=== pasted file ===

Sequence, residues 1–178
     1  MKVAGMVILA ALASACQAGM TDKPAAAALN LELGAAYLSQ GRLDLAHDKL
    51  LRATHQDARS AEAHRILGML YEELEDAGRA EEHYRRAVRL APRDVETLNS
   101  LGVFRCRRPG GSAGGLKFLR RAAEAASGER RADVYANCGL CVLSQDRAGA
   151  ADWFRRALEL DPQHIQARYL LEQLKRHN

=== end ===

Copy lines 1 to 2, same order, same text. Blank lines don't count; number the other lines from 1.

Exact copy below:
Sequence, residues 1–178
     1  MKVAGMVILA ALASACQAGM TDKPAAAALN LELGAAYLSQ GRLDLAHDKL